When I decided to study abroad, I knew I wanted an experience that was more exotic than the usual study abroad options Europe offered.
So, I chose Israel.
After a long flight and an adventurous taxi ride, I arrived at the Masa Israel-accredited University of Haifa.
Tired and jet-lagged, I entered my apartment to find three students jabbering in an unfamiliar language.
I froze in the doorway and their conversation came to a halt.
One approached me and mumbled in that mysterious language, but I was too confused to answer.
Next, she spoke to me in Hebrew and I indicated that I understood some Hebrew. Her two companions looked apprehensive and then she replied—in English—that they did not speak English.
They resumed their conversation in Arabic, while my mind whirled.
I had anticipated Israeli roommates, but I had not expected them to be Arab-Israelis.
As the days passed, my suitemates and I maintained our self-imposed cultural barrier, yet I recognized that this would not work for the next six months.
There was a simple solution to this obstacle; I had to adapt to this situation.
I needed to integrate myself into their lives and make an effort to assimilate into Arab culture.
It did not take long for me to discover a way.
In our shared kitchen, one of my roommates peeled potatoes.
With a flurry of charades, I mimed chopping vegetables. She laughed, and with that, I helped her make dinner.
In return she invited me to eat with them.
It was through this unconventional body language that I nudged myself into the lives of my roommates.
As my Hebrew classes continued, my ability to speak with them increased.
Eventually they became more than just suitemates. They became my adopted sisters, and out of respect for them, I enrolled in a conversational Arabic course.
Every day my roommates sat around a table with me to quiz me on my Arabic and Hebrew and guide my hand in scripting words.
After my Semitic language session, they would retrieve their English books and I would help them.
Not only did we share our languages, but our families as well.
My roommates invited their family to visit and throughout my six months in Haifa I dined with each family numerous times.
During those meals, I would show them pictures of my relatives and with my limited Arabic, I would describe my parents and siblings.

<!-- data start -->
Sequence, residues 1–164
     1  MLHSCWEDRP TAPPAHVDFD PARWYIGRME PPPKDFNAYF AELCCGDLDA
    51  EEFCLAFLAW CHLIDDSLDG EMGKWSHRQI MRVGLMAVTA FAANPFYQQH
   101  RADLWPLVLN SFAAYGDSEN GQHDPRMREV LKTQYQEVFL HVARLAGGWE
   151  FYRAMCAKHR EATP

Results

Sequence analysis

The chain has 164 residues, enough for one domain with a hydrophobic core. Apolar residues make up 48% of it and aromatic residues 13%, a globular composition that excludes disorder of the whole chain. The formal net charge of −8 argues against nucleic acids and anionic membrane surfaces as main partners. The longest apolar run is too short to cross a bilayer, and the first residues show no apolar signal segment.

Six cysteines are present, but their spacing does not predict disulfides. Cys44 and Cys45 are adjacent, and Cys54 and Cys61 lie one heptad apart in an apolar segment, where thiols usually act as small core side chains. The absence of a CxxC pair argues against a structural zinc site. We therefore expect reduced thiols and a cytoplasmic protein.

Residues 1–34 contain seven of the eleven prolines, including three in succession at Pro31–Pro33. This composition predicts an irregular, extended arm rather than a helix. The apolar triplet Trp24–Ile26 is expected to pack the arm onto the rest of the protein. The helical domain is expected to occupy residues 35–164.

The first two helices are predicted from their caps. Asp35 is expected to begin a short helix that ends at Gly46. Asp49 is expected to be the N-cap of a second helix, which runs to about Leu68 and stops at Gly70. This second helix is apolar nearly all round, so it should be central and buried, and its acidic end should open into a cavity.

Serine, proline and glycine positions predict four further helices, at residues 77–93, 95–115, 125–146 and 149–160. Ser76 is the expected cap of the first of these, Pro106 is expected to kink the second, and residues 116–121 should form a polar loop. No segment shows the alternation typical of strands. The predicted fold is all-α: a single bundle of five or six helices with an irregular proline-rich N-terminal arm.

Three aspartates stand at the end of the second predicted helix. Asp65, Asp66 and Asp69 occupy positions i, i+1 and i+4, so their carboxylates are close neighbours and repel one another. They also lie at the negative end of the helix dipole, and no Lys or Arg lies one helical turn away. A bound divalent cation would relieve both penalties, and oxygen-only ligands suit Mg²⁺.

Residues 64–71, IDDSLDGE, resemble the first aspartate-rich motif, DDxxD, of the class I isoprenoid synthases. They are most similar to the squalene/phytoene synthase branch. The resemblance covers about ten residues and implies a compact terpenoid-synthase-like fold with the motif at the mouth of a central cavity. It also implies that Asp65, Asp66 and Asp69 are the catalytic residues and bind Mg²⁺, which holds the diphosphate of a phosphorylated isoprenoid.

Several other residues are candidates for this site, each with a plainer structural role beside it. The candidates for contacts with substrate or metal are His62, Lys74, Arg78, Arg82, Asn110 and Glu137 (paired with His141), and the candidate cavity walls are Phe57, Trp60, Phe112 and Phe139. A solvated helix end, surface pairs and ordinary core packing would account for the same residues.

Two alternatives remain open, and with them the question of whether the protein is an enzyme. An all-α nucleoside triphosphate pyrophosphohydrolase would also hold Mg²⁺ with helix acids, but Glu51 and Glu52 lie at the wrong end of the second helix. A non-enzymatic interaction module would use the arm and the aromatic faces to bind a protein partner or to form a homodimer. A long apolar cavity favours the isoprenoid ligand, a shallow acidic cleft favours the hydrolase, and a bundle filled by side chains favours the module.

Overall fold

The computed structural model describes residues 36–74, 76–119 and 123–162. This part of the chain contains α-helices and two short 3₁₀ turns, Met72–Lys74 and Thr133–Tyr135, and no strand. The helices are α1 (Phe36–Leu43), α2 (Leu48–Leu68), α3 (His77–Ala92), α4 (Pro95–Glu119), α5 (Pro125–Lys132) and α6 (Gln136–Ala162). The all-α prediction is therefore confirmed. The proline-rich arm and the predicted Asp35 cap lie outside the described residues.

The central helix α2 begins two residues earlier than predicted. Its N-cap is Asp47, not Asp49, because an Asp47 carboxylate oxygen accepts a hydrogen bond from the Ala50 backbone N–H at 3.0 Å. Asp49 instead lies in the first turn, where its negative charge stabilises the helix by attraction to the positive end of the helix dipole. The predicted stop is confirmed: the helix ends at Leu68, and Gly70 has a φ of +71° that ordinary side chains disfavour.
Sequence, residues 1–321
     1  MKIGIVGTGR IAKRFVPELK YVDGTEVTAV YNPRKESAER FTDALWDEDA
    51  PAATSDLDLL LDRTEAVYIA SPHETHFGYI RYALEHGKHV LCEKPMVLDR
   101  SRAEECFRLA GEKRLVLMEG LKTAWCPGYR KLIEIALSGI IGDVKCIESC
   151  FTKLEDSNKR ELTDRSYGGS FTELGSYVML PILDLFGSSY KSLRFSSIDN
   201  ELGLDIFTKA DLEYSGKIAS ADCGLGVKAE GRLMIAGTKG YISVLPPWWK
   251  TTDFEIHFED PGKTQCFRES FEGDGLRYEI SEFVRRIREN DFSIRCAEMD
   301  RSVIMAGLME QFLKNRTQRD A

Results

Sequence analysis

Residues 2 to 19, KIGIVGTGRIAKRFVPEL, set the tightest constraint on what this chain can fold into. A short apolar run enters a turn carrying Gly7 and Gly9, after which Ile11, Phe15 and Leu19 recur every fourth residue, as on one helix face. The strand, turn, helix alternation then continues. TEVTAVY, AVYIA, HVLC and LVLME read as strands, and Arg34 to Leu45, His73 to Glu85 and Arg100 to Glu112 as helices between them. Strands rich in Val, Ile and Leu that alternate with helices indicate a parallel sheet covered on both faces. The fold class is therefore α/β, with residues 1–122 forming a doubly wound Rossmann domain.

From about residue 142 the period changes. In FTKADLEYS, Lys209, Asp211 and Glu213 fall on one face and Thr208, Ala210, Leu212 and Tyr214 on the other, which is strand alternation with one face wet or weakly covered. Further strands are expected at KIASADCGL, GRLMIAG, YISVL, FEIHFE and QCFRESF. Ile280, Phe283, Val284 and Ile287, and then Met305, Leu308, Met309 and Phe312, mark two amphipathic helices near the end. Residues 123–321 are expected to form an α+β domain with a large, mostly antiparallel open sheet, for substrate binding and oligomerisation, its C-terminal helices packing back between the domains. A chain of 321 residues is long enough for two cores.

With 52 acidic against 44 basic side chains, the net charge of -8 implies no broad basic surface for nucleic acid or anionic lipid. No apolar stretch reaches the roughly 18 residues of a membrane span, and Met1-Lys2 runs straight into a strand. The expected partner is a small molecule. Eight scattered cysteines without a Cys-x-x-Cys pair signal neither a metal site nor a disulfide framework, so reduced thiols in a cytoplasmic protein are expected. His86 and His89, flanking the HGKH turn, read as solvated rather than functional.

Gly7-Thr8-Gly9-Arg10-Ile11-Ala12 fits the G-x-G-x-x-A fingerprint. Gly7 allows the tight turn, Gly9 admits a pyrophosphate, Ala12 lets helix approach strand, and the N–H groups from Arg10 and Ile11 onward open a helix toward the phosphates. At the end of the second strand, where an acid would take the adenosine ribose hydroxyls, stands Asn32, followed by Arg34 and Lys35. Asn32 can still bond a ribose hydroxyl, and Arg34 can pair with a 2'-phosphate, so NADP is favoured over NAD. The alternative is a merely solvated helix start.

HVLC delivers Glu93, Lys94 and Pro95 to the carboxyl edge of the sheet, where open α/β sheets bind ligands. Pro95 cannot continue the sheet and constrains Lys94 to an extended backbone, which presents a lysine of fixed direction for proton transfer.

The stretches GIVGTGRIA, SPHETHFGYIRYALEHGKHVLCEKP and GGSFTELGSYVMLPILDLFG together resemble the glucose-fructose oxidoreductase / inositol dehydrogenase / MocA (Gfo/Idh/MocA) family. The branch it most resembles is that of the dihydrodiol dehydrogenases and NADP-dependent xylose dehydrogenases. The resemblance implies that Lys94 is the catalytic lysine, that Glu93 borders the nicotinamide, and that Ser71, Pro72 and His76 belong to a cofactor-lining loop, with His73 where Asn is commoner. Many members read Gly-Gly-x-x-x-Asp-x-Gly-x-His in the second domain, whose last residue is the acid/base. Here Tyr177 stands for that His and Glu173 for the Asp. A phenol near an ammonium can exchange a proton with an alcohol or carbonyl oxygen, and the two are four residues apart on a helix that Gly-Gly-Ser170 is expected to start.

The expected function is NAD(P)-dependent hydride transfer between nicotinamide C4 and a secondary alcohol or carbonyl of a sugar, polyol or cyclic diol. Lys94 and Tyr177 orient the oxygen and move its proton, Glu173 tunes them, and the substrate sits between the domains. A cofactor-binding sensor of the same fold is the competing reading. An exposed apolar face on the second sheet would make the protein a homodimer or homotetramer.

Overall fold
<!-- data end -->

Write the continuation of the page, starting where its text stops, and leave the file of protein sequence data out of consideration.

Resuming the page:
Also while studying abroad, I had the opportunity to volunteer, and once a week a group of students and I traveled to Qiryat Haim, a neighborhood located in Haifa’s suburbs.
At the Emerich Ressler Memorial Youth Center, a center for at-risk youth, I worked with an Ethiopian Israeli named Ziva.
This bright 16 year old was born in Israel after her parents walked hundreds of miles to be airlifted out of Ethiopia via Operation Solomon in hopes of reaching the promised land.
Before I met Ziva, I was not aware of the large Ethiopian minority in Israel, or how they had come to Israel.
Like teenagers all over the world, Ziva felt a gap between herself and her parents. Only for her, the gap was not just a result of teenage rebelliousness, but of cultural issues.
Neither one of her parents could read or write in Hebrew, let alone in their native language, Amharic.
They also had difficulties in speaking the language of their adoptive land.
As a child, Ziva had become her parents’ link to Israeli culture and society, a pattern found throughout many other Ethiopian Israeli families in transition.
Ziva felt stretched between two separate worlds: the one belonging to her family and the one belonging to the land where she was born.
She was eager to join another one: the Israeli army. For her, the army represented a true melting-pot; one she believed would be free from the racial discrimination she faced daily.
When I left Israel I realized that I had achieved my aim—to fully experience Israeli culture—which is a wonderfully complicated and diverse mix of many cultures.